Over the course of their working lives, most farmers get about 40 growing seasons or 40 chances to improve upon every harvest. Actually, that's true for most everyone -- each of us gets about 40 chances to accomplish our goals in life.
The World Food Prize Foundation, headquartered in Des Moines, is hosting a photo exhibit titled "40 Chances, Finding Hope In A Hungry World". Open to the public with free admission, the exhibit features a collection of 120 photos by Howard G. Buffett.
Buffett is the son of Omaha billionaire Warren Buffett, and he farms 1,200 acres in central Illinois. He also runs a charitable foundation which has given away $500 million to projects and programs to help alleviate hunger. That work has taken him to about 130 countries around the world over the years. An accomplished photographer, Howard Buffett has photographed many of the people he's met along the way.
The 40 Chances photos are on long-term display at the World Food Prize Hall of Laureates in downtown Des Moines, exactly how long has yet to be determined but they will be there for a while.
"When people come to Des Moines they should set aside an hour to walk through and view these photos," says WFP Foundation president Kenneth Quinn. "The display opened to the public in November and explains the World Food Prize mission in a way that words cannot."
Some of the pictures are happy, joyous and uplifting and some are haunting; but they are real. They show what life is like around the world. The photos reflect issues addressed at the World Food Prize annual international symposium and at other events and in programs WFP sponsors throughout the year. "When people come and tour our building, we talk about global agriculture and hunger issues," says Quinn. "In these photos you can see the faces of the people and the different communities where they live. This exhibit is a natural fit for the purpose of our Hall of Laureates."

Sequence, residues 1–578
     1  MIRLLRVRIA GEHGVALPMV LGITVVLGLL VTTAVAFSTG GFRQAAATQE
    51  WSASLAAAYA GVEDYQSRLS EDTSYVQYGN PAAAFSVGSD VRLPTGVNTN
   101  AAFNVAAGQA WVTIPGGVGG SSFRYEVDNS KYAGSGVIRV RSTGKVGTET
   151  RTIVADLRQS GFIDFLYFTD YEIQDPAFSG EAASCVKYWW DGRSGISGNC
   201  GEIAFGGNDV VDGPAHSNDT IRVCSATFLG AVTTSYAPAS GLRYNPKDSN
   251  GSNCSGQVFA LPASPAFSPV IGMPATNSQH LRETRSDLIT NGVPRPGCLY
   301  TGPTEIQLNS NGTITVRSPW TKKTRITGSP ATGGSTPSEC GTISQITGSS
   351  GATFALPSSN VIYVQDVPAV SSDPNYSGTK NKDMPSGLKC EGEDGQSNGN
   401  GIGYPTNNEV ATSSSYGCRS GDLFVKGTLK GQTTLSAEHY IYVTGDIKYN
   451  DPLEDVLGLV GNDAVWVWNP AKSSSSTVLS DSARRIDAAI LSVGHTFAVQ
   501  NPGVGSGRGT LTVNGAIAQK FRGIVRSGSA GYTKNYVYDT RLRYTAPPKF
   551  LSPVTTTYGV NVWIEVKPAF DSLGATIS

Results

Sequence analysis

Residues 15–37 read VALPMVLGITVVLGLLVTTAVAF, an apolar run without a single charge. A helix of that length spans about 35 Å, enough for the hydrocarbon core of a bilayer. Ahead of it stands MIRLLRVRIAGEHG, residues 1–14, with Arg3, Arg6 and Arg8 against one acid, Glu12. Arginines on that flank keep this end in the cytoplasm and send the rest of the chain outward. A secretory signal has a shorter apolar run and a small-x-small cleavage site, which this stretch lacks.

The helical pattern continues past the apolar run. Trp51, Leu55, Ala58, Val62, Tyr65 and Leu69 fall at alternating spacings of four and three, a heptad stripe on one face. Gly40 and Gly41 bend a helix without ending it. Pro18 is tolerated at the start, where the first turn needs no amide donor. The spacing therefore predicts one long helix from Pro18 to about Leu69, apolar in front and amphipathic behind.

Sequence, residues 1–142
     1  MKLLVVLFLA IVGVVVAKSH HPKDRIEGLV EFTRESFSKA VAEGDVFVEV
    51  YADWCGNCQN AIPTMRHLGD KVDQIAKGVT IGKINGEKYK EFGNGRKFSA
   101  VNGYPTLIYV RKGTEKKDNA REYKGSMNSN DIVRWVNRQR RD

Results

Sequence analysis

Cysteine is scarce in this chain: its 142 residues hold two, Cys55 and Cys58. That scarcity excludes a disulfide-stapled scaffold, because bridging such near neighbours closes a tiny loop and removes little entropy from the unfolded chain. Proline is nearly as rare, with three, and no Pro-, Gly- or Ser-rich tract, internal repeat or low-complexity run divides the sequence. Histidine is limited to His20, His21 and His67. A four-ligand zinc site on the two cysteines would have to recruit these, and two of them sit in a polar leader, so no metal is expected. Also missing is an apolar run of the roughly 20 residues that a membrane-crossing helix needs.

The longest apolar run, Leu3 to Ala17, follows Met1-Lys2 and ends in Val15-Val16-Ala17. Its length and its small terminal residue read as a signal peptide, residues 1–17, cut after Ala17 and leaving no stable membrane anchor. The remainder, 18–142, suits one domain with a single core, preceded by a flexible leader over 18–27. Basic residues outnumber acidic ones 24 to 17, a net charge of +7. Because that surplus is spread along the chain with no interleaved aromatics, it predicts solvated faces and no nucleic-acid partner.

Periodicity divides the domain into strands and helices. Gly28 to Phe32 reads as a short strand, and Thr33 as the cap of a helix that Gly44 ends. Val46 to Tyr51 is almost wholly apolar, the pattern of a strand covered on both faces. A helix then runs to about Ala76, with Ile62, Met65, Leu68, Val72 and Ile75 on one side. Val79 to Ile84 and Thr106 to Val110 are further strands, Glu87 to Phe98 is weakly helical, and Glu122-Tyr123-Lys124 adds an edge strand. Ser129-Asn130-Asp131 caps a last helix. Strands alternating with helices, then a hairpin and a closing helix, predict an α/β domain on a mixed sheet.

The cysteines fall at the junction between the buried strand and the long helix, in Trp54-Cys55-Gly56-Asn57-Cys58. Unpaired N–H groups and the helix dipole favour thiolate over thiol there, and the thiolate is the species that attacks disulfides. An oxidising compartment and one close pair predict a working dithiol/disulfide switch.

Farming, hunger and hope -- we have the ability to grow more food, but need leaders and the will to make it happen
The photos are displayed under six main categories: agriculture, landscape, water, social conflict, portraits and "Howard G. Buffett on the Ground." The pictures show the individual human suffering in the world today, says Quinn, and that's what really can communicate when you see a child, a person, a mom. You see people who are suffering from lack of food, lack of water, from war and conflict that is going on around them. You see the pain in one person's face and you realize it is affecting millions or more, and you see what needs to be done. That's the power of photography.